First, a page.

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Nick Rolfe: The Singer's Actor
by Andrew Davis
2008-04-01

This article shared 4132 times since Tue Apr 1, 2008
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Add soul pianist Nick Rolfe to the long list of musicians ( from Cher to Snoop Dogg ) who have made the leap to the acting world. However, gauging from the reactions to his role in the HBO movie Bernard and Doris—where he played Susan Sarandon's piano-playing lover—the LGBT-friendly talent may very well be successful on the thespian and musical fronts. Rolfe recently talked with Windy City Times about high school, Jimi Hendrix and love-making ( on camera ) .

Windy City Times: What is your background?

Nick Rolfe: I was born in Philadelphia, but only lived there for about four years. Then, I relocated with my family to Seattle, Wash. The way my parents tell it, whenever somebody tickled the ivories in the piano in the house, I started screeching and hollering, so they figured, 'Oh, he wants to play the piano.' So I started taking lessons when I was six, and that's how I got into music.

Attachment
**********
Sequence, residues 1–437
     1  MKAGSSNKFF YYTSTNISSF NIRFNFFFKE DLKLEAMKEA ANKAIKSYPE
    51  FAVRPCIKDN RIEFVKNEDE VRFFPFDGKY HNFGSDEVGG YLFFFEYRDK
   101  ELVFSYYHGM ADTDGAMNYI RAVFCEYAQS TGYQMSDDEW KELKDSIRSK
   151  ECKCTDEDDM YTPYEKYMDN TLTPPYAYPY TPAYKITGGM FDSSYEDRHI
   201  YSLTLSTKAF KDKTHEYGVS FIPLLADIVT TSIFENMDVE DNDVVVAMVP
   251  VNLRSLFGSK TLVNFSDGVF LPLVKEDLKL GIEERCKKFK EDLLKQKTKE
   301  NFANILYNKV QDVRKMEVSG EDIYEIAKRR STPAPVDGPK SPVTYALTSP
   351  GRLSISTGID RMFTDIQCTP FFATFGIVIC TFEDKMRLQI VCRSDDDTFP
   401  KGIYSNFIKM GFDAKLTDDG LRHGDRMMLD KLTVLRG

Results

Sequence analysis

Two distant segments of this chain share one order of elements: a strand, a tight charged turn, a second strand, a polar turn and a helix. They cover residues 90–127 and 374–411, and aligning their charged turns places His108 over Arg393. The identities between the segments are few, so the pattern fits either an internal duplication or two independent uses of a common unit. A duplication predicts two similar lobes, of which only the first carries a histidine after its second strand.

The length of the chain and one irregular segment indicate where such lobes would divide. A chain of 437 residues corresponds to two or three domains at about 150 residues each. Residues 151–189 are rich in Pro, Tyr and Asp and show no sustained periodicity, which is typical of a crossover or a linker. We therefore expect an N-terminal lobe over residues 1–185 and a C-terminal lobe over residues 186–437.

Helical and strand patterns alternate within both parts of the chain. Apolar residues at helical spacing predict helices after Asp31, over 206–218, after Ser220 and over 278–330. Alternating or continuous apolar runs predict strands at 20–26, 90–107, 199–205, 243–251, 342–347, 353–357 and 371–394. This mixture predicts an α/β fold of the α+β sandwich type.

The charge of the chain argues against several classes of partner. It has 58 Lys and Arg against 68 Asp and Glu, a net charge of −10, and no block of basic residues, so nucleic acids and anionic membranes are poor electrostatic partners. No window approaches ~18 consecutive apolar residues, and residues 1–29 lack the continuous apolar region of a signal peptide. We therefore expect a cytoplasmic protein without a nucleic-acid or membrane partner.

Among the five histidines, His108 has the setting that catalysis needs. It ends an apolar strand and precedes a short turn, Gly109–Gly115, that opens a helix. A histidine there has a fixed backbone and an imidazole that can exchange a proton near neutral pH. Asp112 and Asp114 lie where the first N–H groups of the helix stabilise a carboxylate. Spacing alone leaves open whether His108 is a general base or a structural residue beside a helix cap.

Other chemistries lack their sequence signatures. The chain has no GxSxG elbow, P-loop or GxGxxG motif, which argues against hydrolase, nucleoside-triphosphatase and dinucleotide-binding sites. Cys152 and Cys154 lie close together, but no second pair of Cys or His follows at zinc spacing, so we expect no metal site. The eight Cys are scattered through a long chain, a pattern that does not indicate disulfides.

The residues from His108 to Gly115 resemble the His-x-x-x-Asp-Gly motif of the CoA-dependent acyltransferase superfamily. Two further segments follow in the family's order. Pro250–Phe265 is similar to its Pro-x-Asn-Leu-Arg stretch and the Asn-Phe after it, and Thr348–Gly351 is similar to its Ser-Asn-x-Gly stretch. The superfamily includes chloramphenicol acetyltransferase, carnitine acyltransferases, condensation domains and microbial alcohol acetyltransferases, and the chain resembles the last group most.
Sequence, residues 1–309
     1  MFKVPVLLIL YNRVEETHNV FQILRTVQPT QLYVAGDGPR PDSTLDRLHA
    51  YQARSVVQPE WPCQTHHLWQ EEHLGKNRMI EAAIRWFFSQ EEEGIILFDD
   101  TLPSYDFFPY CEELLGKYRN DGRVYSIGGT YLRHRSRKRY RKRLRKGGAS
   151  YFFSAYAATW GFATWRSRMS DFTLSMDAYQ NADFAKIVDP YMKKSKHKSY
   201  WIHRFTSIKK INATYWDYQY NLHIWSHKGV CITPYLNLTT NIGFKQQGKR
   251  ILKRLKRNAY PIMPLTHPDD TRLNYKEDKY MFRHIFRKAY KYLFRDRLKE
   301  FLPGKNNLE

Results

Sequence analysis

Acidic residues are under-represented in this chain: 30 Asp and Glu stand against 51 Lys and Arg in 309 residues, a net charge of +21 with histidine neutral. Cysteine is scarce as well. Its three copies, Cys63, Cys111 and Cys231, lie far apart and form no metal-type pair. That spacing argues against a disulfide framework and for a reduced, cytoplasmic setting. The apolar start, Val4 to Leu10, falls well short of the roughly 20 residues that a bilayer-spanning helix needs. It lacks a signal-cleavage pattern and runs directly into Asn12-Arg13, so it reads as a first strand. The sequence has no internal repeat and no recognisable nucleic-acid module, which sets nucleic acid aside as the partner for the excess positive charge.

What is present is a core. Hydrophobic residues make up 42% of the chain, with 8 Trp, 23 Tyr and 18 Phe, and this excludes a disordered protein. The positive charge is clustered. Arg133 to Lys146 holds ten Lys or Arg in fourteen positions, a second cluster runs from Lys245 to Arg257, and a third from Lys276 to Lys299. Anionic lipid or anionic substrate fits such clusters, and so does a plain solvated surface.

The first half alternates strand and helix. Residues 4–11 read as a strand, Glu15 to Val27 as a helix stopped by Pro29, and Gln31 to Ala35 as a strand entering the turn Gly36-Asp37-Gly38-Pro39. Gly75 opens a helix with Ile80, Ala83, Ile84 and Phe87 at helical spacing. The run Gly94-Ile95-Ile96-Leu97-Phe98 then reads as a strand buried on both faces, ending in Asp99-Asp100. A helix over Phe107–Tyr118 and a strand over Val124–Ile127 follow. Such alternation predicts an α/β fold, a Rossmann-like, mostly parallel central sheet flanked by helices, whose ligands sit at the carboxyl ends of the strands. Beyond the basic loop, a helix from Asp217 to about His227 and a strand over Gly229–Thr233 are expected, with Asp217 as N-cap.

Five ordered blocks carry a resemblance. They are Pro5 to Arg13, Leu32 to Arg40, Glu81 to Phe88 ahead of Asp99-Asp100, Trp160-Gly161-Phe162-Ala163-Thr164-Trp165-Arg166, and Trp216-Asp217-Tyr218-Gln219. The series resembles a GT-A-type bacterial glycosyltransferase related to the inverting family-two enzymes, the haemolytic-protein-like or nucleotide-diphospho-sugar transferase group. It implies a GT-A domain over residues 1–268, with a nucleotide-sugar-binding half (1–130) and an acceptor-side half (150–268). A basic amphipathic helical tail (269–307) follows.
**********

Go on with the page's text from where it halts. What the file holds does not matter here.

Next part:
WCT: And then you pursued music in school?

NR: Oh, yeah. I studied classical piano until high school. Piano was not cool in high school so my parents told me I could quit. But, obviously, music is in my blood; it called me back in my senior year in high school. I played sports, but music was always in the back of my mind.

WCT: How many CDs have you released?

NR: Four. My very first one was an all-instrumental jazz record for Bluejay Records; it came out in 2000. Then, I released three records on my own label. The most recent, The Mind of an Evolutionary, got picked up by Columbia Japan and they remixed it—so, technically, I have five CDs out there. [ Laughs ]

WCT: Speaking of evolutionary, how would you say your music has evolved?

NR: I've spent a lot of time trying to develop my sound with all the different music influences I've had; I grew up in a very eclectic household, musically. I grew up listening to everyone from Jimi Hendrix to Cat Stevens to Kool and the Gang to classical music to Thelonious Monk, and I liked it all.